The ACT results provide students information about their readiness for postsecondary education, a score that they can use for college admissions and placement, and information about how to better prepare for postsecondary education during their senior years. The ACT includes a student survey to gauge their plans for life after high school.

“Eighty percent of 2016 graduates who took the ACT test indicated their desire to earn a two- or four-year college degree, and we are encouraged by steady gains in our students’ college preparation and enrollment,” said Kathryn Matayoshi, HIDOE Superintendent.  “However, we recognize the need for more of our students to be ready for the rigors of work and study after high school.”

Over the past three years, Hawaii public school students have seen steady improvements in the individually tested ACT subjects:

  • 4 percentage points up in English
  • 3 percentage points up each in Mathematics, Reading and Science

While Hawaii’s scores have been rising, ACT scores nationwide have shown declines and fluctuating results. Also, not all states administer the ACT to all juniors.

Improvements in the recent ACT scores are a promising reflection of college readiness in Hawaii’s public high school graduates. The ACT is one of only two readiness examinations used for U.S. college and university admissions and was taken by approximately 2.09 million 2016 graduates nationwide.

Click here to view The Condition of College and Career Readiness 2016 report.

 

Free ‘Imiloa Membership for All UH Hilo Students

The University of Hawaiʻi at Hilo has announced an exciting new benefit for its students. For the very first time, the University’s ‘Imiloa Astronomy Center is offering a complimentary individual membership to every student with a valid I.D. who is registered for the 2016-2017 academic year.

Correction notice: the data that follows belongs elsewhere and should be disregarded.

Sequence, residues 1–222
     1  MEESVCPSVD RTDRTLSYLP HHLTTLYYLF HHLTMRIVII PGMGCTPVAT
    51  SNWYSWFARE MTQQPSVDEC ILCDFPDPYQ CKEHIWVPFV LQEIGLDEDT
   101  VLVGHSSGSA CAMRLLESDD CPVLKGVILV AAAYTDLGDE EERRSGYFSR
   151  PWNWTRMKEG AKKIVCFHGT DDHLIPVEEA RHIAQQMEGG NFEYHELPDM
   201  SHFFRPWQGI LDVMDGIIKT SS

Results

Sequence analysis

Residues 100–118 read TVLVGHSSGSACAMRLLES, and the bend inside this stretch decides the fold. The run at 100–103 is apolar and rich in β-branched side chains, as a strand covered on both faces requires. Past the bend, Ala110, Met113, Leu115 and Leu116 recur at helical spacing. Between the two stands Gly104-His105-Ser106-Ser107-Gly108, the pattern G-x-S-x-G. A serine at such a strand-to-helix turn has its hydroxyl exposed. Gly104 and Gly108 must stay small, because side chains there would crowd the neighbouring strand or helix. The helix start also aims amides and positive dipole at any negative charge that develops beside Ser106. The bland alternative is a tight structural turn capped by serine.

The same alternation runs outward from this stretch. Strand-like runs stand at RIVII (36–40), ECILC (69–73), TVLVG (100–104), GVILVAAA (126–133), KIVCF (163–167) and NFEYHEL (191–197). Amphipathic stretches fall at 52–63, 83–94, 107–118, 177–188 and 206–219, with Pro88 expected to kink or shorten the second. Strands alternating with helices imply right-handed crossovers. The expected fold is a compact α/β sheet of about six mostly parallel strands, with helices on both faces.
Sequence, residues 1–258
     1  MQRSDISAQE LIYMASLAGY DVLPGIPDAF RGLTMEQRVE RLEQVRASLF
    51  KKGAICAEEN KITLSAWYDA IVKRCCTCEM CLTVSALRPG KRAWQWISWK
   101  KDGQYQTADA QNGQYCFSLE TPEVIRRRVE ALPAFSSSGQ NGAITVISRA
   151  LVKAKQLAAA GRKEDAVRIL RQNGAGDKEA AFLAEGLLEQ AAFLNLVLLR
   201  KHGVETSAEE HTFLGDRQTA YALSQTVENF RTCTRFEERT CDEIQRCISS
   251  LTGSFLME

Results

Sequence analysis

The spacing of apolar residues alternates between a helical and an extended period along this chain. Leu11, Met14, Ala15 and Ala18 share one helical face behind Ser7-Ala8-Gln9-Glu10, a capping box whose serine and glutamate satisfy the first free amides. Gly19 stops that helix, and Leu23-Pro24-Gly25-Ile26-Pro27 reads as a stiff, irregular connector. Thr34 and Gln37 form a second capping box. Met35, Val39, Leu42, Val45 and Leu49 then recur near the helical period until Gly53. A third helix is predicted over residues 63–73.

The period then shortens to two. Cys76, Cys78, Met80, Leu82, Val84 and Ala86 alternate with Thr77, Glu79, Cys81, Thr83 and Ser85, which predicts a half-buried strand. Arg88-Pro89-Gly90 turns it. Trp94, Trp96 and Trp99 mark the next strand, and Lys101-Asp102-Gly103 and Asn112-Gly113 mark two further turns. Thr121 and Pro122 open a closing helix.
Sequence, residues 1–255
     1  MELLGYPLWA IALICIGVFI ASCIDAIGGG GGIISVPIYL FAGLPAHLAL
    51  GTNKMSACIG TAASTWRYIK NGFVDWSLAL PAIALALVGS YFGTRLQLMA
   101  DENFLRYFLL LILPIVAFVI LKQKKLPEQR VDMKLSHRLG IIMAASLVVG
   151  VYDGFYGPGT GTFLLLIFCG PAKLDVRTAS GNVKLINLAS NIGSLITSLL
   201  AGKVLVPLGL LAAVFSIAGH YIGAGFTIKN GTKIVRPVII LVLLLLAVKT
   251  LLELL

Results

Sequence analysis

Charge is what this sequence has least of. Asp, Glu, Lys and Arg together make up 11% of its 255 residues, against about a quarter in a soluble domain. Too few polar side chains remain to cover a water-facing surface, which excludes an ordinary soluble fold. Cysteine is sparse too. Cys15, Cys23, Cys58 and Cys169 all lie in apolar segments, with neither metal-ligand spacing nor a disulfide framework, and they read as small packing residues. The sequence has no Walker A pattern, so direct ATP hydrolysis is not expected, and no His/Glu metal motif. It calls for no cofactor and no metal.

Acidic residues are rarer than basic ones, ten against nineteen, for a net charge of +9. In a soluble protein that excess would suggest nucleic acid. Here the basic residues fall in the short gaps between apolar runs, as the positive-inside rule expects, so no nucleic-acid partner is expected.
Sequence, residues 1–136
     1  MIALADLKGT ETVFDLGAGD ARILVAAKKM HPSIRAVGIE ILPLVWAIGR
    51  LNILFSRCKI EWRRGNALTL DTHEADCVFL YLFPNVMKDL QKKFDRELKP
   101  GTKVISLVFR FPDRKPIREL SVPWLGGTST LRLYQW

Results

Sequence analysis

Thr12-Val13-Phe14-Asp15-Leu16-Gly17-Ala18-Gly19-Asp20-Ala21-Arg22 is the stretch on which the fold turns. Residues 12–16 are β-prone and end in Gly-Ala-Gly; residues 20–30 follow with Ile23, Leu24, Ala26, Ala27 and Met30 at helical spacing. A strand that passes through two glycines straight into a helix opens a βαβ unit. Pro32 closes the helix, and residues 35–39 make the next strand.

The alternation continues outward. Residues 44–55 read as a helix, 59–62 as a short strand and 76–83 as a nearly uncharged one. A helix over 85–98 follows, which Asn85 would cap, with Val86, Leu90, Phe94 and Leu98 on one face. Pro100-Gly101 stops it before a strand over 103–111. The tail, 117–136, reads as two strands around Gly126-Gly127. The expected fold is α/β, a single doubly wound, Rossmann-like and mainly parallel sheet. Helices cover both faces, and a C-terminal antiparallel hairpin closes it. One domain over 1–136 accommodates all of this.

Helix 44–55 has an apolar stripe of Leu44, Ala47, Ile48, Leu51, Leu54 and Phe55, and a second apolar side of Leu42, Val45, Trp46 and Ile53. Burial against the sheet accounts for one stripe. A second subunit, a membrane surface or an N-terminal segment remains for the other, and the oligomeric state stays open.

Free Imiloa
“Very few universities can boast an on-campus resource like the ‘Imiloa Astronomy Center, which showcases Mauna Kea and its cultural and scientific value, especially way-finding and astronomy,” said Chancellor Don Straney. “We greatly appreciate this gesture and encourage all of our students to take advantage of the benefits ‘Imiloa has to offer throughout the academic year.”

‘Imiloa is located on the upper campus, and housed in a striking titanium-clad conical structure. The Center is open to the public six days a week (Tuesday-Sunday). Student members will be able to enjoy four free daily shows in the full-dome planetarium, full access to the interactive exhibit hall, plus discounts on special events and purchases at ‘Imiloa’s award-winning Sky Garden Restaurant and on-site store.

For Astronomy majors Shelby Wood and Micah English, an ‘Imiloa membership is something they’ll make extensive use of.

“I’m from New Mexico, and have never been to ‘Imiloa, so I appreciate the opportunity to check it out,” Wood said. “I think it’s really great that they are doing this, because I have been to the planetarium and it was really cool,” English added.

Hawaiian Studies Major Kehaulani Esteban sees ‘Imiloa as a valuable resource for learning more about the Hawaiian culture.

“I’m really looking forward to the Mauna Kea show because we get to learn about how the Hawaiian Islands were created,” Esteban said.

`Imiloa Executive Director Ka’iu Kimura sees the memberships as an effective avenue for advancing ‘Imiloa’s mission to inspire exploration through the sharing of Hawaiian culture and science.